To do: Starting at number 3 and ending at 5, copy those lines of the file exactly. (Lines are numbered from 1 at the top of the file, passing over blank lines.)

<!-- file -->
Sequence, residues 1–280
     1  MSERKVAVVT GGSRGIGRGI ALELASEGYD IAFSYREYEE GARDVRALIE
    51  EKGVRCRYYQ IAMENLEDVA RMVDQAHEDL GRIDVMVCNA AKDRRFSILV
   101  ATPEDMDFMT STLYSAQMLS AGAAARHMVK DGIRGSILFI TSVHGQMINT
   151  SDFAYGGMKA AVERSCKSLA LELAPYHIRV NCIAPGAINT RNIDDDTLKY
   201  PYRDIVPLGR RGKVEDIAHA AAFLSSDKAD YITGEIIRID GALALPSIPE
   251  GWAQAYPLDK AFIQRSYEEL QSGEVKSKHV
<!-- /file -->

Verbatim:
    51  EKGVRCRYYQ IAMENLEDVA RMVDQAHEDL GRIDVMVCNA AKDRRFSILV
   101  ATPEDMDFMT STLYSAQMLS AGAAARHMVK DGIRGSILFI TSVHGQMINT
   151  SDFAYGGMKA AVERSCKSLA LELAPYHIRV NCIAPGAINT RNIDDDTLKY